Qantara Qantara


In Byzancium

Byzantium inherited mosaic art from the Roman Empire, where mosaic-making techniques had been especially developed for the decoration of thermae, nymphaea, mausoleums, and lavish dwellings. The abundance of mosaic floors that have survived to the present day around the Mediterranean Basin and the inscriptions they bear would suggest that there was a systematic and well-organized production of mosaics in local workshops, which were based in urban centre and operated within limited areas[1]. Wall mosaics, which are less common, were widely used until the sixth and seventh centuries. Because of the lack of inscriptions like those on the mosaic floors, there's very little information about the techniques used and the cost, which was much higher than that for floor mosaics [2].

Apart from famous decorations dating from the sixth century—the Church of San Vitale (Ravenna), the aniconic vaults in Hagia Sophia, and the Transfiguration in the apse of St Catherine’s Monastery, Mount Sinai—, the mosaics conserved in Cyprus and the tesserae discovered in archaeological digs attest to the diffusion of mosaic art in more modest dwellings. The mosaics in the Rotunda of St. George in Thessaloníki—which are of an unusual finesse and whose iconography is unique in Paleo-Christian decorations, but whose date and interpretation have for a long time been the subject of debate—are a superb example of mosaic art at the end of Antiquity, and of the transition towards a specifically Byzantine set of aesthetics. Dependant on episcopal and imperial patronage, mosaic art seems to have flourished in several urban centres across the Empire.

The use of Opus sectile and paving gradually developed in the ornamentation of floors, but mosaic remained the favoured technique for wall decorations. During the iconoclastic dispute, mosaics were the favoured medium for aniconic and secular compositions: apart from the image of the cross that still ornaments the apse in the Church of St. Irene in Istanbul (formerly Constantinople) and the geometric panels on the vault above the bema in Ayía Sofía in Thessaloníki (the monograms date them between 780 and 788), texts mention hunting scenes and bucolic images that replaced the religious images in the churches and palaces. Descriptions of the Kainourgion Palace and the Nea Ekklēsia (Greek: Νέα Ἐκκλησία, ‘New Church’), founded by Basil I, and the apse and tympana mosaics in Hagia Sophia attest that mosaic art flourished in the capital just after the iconoclasm. However, apart from the panels representing the emperors in the galleries of Hagia Sophia, the only preserved examples of Meso-Byzantine decorations are located far from Constantinople in three famous monastery churches:Hosios Loukas in Phocis, Daphni near Athens, and the Nea Moni on Chios. The only positively confirmed imperial foundation, the Nea Moni was built by Constantine IX Monomachos, who authorized the use of the layout in the Monastery of St. George at Mangan and sent mosaicists. The quality and lavishness of the decorations in the other two churches may indicate that they benefited from imperial patronage. It’s an irony of history that the most extensive preserved examples of Byzantine decorations are located outside the Empire: in the Great Mosque of Damascus and Monreale Cathedral in Sicily. Many other decorative works, which are mentioned in various sources or have survived to the present day, were also influenced by Byzantine art, such as the Palatine Chapel under the Norman King of Sicily Roger II, the Cathedral of St. Sophia in Kiev, and the Gelati Monastery in Georgia.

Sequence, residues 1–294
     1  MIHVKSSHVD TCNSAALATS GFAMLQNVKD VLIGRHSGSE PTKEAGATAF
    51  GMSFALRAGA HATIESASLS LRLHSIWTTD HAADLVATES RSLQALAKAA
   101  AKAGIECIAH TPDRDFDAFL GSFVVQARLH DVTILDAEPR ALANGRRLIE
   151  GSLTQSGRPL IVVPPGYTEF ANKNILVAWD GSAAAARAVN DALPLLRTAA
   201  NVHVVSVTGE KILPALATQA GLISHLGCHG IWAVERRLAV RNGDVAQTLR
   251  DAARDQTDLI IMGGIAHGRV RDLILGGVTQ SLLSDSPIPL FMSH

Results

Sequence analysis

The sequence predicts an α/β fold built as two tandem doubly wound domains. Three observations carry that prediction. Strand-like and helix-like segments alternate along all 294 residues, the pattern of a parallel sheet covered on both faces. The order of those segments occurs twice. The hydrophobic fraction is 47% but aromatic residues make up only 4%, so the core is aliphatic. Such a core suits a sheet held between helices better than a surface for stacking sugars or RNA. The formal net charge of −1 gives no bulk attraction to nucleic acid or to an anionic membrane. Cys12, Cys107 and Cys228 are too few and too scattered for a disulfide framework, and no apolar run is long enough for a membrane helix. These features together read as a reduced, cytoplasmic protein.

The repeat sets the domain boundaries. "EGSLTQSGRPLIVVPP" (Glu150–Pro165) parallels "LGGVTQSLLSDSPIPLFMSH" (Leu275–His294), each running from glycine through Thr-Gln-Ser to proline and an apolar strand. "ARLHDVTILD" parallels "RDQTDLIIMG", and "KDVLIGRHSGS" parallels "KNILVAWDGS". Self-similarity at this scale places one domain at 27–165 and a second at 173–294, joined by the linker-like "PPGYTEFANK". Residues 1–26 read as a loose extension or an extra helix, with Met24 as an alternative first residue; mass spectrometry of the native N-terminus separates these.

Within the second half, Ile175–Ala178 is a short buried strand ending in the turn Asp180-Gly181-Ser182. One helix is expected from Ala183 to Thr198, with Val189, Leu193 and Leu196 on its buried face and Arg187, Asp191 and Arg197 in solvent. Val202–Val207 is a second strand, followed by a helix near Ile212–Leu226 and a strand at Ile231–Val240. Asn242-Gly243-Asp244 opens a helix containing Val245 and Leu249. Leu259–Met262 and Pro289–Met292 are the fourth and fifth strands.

Mosaic making was for a long time considered an exclusively Byzantine and Constantinopolitan art that spread throughout the Mediterranean world from the Empire’s capital. There are now serious doubts about this and the belief that certain decorations, particularly in Sicilian monuments, were the work of Constantinopolitan mosaicists.